How to send crypto from Coinbase — an easy guide for beginners

How to send crypto from Coinbase
How to send crypto from Coinbase (Image credit: Future)

"How to send crypto from Coinbase" is one of the most popular cryptocurrency-related Google search queries, so we're jumping at the opportunity to give the people what they want: a good ol' how-to on moving digital assets from one platform to another.

The process may seem complicated at first, but it's a total breeze as long as you have one key component: the crypto address of the receiving wallet. A crypto address, a long alphanumeric string of characters, tells the blockchain where your digital assets should go. 

The step-by-step guide below tells you how to figure out the receiving wallet's address, allowing you to safely transfer your funds from Coinbase to your desired platform.

How to send crypto from Coinbase

As mentioned, the first step in sending crypto is determining the address of the receiving wallet. All crypto platforms have different user interfaces, however, most will have a "receive" or "deposit" button that reveals the address. Others, like MetaMask and the new GameStop Wallet, have the crypto address front-and-center on the UI at all times, ready to be copied.

For this tutorial, we'll be using MetaMask, the world's most popular web 3.0 wallet, as the receiving wallet so you can get gist of how sending crypto works.

1. Snag the receiving wallet's crypto address and copy it. On MetaMask, you can find it under the account name. On the Coinbase Wallet (a digital-wallet app that's different from Coinbase's crypto exchange platform), you can find it by clicking on "Receive."

How to send crypto

How to send crypto (Image credit: Future)

2. Sign in to Coinbase and tap on "Send/Receive."

3. In the "To" field, paste the copied crypto address.

4. Under "Pay With," click on the asset you want to send.

5. Input the dollar amount you'd like to transfer out of Coinbase.

How to send crypto

How to send crypto (Image credit: Future)

6. You can leave the note field blank, but for what it's worth, you can use this as an avenue to leave a public message on the blockchain regarding your transaction. 

7. Hit "Continue." A confirmation window will appear telling you how much the receiver will get after Coinbase and network fees. If you're OK with what you see, click on "Send now."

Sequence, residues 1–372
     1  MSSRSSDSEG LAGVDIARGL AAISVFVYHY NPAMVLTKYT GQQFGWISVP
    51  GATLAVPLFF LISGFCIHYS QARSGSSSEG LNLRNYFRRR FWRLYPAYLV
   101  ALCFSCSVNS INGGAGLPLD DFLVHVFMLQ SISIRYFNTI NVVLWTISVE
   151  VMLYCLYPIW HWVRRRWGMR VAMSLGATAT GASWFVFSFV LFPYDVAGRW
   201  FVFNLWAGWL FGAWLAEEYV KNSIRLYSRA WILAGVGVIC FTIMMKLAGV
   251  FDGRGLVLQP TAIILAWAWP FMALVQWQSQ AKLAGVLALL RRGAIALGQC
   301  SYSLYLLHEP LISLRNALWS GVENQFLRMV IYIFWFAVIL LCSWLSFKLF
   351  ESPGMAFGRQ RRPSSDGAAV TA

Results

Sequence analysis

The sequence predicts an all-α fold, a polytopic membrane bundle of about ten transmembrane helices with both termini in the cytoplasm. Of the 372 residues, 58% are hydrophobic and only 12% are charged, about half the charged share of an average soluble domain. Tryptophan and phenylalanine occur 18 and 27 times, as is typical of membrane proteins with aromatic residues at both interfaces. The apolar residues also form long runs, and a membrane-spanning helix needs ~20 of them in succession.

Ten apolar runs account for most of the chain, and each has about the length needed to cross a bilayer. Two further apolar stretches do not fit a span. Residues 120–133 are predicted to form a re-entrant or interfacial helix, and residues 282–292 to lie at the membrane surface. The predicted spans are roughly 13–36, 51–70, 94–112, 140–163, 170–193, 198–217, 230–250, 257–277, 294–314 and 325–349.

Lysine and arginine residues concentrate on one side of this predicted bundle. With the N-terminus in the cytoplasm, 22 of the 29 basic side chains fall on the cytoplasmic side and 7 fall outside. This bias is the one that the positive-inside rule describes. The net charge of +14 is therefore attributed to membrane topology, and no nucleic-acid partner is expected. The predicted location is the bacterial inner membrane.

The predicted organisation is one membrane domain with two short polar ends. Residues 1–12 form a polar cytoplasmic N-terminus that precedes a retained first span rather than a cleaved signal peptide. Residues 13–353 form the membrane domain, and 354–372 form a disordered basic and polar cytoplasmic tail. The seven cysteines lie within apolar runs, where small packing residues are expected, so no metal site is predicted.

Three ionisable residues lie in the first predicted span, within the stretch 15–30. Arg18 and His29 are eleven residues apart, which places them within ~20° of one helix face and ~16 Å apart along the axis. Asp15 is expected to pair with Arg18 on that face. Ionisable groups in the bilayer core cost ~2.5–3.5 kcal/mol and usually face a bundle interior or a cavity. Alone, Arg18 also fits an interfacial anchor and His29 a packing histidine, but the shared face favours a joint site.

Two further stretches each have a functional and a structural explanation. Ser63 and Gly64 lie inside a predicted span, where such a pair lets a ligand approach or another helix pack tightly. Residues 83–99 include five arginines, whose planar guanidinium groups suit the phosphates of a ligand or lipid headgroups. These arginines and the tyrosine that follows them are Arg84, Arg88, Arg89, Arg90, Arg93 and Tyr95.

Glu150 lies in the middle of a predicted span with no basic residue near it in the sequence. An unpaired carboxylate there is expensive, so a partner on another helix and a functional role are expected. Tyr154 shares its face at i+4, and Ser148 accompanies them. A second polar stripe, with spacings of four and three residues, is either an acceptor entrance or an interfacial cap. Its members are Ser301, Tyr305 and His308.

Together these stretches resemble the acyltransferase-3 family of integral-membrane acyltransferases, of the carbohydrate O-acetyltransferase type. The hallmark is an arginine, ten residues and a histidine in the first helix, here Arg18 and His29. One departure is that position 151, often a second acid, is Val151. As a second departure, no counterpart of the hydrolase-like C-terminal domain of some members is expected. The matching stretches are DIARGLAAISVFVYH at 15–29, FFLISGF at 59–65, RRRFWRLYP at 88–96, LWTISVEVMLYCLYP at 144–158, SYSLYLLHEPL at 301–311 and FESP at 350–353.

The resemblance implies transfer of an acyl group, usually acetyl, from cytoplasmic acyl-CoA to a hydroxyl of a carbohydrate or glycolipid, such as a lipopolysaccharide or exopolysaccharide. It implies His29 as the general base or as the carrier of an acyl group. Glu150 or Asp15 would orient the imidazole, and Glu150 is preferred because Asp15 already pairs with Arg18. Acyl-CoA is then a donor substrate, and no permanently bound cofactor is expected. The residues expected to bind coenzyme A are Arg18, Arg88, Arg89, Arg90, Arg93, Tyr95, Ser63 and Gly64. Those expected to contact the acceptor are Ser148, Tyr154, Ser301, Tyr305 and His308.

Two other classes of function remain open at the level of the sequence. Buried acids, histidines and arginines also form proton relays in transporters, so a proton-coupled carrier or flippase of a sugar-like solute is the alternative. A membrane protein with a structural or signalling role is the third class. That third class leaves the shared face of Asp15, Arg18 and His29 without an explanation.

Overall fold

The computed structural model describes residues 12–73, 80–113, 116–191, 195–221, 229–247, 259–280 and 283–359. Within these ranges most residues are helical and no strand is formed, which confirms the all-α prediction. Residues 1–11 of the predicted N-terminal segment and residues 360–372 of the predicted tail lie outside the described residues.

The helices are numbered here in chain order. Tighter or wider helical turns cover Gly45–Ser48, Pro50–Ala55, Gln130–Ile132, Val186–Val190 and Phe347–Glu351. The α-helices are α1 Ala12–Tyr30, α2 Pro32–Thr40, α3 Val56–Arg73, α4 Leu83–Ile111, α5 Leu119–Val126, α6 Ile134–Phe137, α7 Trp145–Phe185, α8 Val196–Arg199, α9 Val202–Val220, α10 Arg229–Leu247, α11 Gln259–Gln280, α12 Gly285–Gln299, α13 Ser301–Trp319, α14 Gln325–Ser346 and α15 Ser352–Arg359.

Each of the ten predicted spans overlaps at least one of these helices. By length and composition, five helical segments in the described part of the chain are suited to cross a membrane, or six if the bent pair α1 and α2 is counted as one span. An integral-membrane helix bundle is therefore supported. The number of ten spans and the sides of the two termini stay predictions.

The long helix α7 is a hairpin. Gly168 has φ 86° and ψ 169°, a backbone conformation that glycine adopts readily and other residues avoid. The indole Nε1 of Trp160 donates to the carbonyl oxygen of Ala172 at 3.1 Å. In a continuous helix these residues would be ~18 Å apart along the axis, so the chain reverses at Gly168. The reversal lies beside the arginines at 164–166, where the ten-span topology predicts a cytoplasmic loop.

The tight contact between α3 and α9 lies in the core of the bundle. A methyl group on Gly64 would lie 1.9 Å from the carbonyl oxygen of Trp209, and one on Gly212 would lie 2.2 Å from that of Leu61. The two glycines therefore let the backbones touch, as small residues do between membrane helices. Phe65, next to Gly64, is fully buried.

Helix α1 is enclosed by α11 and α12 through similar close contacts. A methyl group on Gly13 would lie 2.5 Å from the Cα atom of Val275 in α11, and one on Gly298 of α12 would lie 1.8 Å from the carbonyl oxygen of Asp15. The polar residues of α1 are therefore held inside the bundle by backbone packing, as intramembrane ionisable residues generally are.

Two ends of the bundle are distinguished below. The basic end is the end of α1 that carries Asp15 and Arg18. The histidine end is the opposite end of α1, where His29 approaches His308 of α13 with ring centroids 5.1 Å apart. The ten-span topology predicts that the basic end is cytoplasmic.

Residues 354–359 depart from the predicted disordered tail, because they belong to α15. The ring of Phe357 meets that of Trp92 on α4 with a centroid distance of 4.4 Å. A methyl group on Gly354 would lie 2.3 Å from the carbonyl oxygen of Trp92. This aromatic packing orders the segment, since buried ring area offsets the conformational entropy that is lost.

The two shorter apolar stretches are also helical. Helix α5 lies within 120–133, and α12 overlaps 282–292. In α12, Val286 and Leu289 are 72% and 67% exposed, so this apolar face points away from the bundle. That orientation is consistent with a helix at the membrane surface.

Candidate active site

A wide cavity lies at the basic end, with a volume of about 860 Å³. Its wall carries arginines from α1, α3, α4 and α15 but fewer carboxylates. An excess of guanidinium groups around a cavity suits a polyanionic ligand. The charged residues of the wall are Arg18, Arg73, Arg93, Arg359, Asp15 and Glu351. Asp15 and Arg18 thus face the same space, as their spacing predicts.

Now, you must wait for the crypto to reach the receiver's wallet. Don't be alarmed if it doesn't arrive right away. Some networks are slower than others. For example, if you're sending Solana, you'll likely get it in seconds. Ethereum, on the other hand, could take several hours during busy, congested periods. 

Precautions to take while sending crypto from Coinbase

There are several precautions you must take when sending crypto from Coinbase. The most important one is to ensure that you're sending it on the right network. For example, you cannot send Bitcoin to MetaMask; MetaMask doesn't support native BTC.

To give you another example, if you're sending USDC (a stablecoin) to KuCoin (a crypto exchange), you may be tempted to use a network called KCC because it's cheaper, but unfortunately, you can only use ERC-20 (an Ethereum-based network) if you're sending it from Coinbase. Fortunately, an error message will typically appear if you attempt to send a digital asset to the wrong network. As such, you won't lose your funds.

Lastly, watch out for fees! The Ethereum network is notorious for its expensive gas fees. Send Ethereum on Sunday nights (or the wee hours of Monday morning)  — fees are often lower during this time and your transaction may go through more rapidly.

Kimberly Gedeon

Kimberly Gedeon, holding a Master's degree in International Journalism, launched her career as a journalist for MadameNoire's business beat in 2013. She loved translating stuffy stories about the economy, personal finance and investing into digestible, easy-to-understand, entertaining stories for young women of color. During her time on the business beat, she discovered her passion for tech as she dove into articles about tech entrepreneurship, the Consumer Electronics Show (CES) and the latest tablets. After eight years of freelancing, dabbling in a myriad of beats, she's finally found a home at Laptop Mag that accepts her as the crypto-addicted, virtual reality-loving, investing-focused, tech-fascinated nerd she is. Woot!